Children's Doodles Found in Margins of Medieval Manuscript
The margins of a medieval manuscript from a convent in Naples, Italy, are decorated with doodles of what are apparently devils, a farm animal and a person that were likely drawn by children, a new study finds.
Children probably scribbled these doodles on the 14th-century manuscript a few hundred years after the book was made, said the study’s author, Deborah Thorpe, a research fellow at the Centre for Chronic Diseases and Disorders at the University of York in the United Kingdom.
The drawings are a rather serendipitous find; Thorpe discovered them by chance while conducting research for another project.
“I was looking through a database of medieval manuscripts online, and I found images of these beautiful doodles in the margins, and to me they looked like they were done by children,” Thorpe said in a statement. “I thought, ‘This is really interesting, has anyone written anything about this?'’ Read more.
Dutch scientists and other academics are using an x-ray technique to read fragments of manuscripts that have been reused as book bindings and which cannot be deciphered with the naked eye. Those fragments may be the unique remains of certain works. Read more
The Codex Borgia / Yoalli Ehecatl is a PostClassic Mexican manuscript which dates from the 13th - 15th centuries. Written in a highly complex pictorial script, the codex recounts the religious beliefs of the Nahua peoples and outlines the ritual behaviors associated with particular calendar dates.
Isaac Newton's Recipe for Magical 'Philosopher's Stone' Rediscovered
One of Isaac Newton’s 17th-century alchemy manuscripts, buried in a private collection for decades, reveals his recipe for a material thought to be a step toward concocting the magical philosopher’s stone.
The “philosopher’s stone” was a mythical substance that alchemists believed had magical properties and could even help humans achieve immortality.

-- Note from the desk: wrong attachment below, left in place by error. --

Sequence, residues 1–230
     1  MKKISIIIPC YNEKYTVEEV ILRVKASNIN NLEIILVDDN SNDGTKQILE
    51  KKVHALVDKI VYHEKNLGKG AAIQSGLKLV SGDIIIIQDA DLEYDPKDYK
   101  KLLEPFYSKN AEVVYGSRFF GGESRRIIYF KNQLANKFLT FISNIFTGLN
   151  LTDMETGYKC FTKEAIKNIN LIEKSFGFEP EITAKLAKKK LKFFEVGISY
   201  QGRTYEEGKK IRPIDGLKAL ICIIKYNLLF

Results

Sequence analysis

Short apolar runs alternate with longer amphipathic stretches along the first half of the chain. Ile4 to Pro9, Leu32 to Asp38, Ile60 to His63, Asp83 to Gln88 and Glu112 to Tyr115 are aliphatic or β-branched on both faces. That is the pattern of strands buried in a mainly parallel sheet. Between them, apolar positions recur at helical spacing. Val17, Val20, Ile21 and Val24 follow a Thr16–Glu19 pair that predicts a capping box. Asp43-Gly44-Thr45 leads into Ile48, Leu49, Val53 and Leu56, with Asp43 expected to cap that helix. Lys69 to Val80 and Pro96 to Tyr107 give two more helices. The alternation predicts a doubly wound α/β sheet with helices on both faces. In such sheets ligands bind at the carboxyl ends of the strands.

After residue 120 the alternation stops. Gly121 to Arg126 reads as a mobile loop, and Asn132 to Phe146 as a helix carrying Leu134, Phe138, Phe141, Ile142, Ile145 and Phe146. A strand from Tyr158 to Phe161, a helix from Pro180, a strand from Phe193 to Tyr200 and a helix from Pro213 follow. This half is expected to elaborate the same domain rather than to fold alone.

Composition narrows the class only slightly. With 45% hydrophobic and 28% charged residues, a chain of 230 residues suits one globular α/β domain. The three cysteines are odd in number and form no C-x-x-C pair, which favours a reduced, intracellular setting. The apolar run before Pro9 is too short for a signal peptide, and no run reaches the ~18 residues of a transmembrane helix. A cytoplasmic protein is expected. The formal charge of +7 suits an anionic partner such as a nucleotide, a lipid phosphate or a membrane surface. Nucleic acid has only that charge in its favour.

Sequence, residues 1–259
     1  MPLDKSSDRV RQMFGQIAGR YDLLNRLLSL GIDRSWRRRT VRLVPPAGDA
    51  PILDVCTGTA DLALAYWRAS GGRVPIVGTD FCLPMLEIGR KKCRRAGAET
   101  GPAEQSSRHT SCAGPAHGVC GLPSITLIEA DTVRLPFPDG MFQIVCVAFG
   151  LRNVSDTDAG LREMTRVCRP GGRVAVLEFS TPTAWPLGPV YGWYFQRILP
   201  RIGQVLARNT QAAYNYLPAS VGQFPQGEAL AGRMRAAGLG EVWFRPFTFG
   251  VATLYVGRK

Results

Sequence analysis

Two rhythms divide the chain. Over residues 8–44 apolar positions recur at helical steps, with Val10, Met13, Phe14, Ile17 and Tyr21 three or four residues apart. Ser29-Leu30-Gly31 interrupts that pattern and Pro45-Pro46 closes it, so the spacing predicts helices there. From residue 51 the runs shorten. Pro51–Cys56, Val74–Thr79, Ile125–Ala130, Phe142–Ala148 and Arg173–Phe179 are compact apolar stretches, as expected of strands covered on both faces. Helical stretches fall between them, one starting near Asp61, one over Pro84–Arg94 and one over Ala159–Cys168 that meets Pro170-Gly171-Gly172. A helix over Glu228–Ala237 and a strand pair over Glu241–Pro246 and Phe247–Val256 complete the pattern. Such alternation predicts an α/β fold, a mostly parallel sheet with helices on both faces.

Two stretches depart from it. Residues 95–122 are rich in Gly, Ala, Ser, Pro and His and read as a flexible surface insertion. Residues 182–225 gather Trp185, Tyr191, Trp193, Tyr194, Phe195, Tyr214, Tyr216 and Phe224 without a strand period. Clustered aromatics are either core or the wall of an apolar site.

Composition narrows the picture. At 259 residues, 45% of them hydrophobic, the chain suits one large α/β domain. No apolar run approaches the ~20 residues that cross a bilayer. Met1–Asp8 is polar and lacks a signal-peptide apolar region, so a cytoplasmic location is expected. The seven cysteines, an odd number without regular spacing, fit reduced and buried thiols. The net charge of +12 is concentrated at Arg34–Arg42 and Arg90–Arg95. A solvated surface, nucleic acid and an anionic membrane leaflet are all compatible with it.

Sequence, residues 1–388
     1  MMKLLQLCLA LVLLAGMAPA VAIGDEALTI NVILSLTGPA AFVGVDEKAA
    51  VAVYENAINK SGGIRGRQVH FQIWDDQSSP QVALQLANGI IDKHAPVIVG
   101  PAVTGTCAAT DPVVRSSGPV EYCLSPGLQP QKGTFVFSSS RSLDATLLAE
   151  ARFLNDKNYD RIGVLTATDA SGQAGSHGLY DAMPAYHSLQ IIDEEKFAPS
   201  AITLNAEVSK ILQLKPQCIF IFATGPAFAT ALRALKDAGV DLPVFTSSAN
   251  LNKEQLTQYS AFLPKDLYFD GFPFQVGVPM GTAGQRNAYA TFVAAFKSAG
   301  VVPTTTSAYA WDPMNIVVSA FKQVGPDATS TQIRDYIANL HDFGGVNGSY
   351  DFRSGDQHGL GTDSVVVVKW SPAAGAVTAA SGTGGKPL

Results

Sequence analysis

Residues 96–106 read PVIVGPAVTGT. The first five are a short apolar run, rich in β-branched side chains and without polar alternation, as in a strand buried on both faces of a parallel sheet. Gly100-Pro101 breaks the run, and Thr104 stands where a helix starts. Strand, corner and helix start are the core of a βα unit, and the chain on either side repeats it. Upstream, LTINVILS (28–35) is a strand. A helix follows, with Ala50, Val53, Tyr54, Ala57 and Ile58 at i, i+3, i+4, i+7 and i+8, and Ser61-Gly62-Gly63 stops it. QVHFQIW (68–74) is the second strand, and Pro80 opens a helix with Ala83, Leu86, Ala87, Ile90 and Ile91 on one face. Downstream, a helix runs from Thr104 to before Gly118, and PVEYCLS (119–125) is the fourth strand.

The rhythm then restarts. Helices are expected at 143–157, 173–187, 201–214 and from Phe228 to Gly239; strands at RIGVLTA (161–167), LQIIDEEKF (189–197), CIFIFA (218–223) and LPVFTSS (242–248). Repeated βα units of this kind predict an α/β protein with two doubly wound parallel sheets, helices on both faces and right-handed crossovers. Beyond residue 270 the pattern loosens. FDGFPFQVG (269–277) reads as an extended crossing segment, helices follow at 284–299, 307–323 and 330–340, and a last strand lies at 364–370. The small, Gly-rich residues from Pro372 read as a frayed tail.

The manuscript turned up at an auction at Bonhams in Pasadena, California, on Feb. 16, where the Chemical Heritage Foundation (CHF) in Philadelphia bought it. The alchemy text will be available in an online repository for those interested in the history of modern chemistry, according to James Voelkel, the CHF’s curator of rare books.
The handwritten document contains instructions for making “philosophic” mercury that Newton copied from a text by another known alchemist. Written in Latin, its title translates to “Preparation of the [Sophick] Mercury for the [Philosophers’] Stone by the Antimonial Stellate Regulus of Mars and Luna from the Manuscripts of the American Philosopher." Read more.
5 Things I’ve I’ve Learned While Writing My First Manuscript
Hello and welcome to my first blog
post! I’m Laura – an aspiring writer, as you may have guessed by the title of
this post – and I, like many others, have made a lot of horrible mistakes and
revelations with my first manuscript. While I’m only halfway through my first
draft, being the masochistic, self-embarrassing person that I am, I thought I’d
share what those lessons were.
The first line is hard.
It’s even harder
when you put all this pressure on it that you really don’t need. It’s just a collection
of words, just like the rest of the novel.
Don’t go back and edit.
There were so many times when I finished a chapter
or a scene and then realized: Shit. That’s
not how I mapped that character. Or, oh my god, I just missed out a HUGELY
important part of that character’s backstory.
What I’ve learned
is that it’s the hardest but the best thing
you can do for your novel to just. Keep. Pushing. Through.
You’ve got to grit
your teeth and remember that this is what second drafts are for, because if you
go back and rewrite something every
time you notice a mistake, you’ll never finish the stupid thing.
Outlines can be really fun. Or they can be torture.
This lesson is
kind of unavoidable as a newbie writer. If you’ve never outlined your book
before, you won’t know what sort of outline you like. So you could get 20,000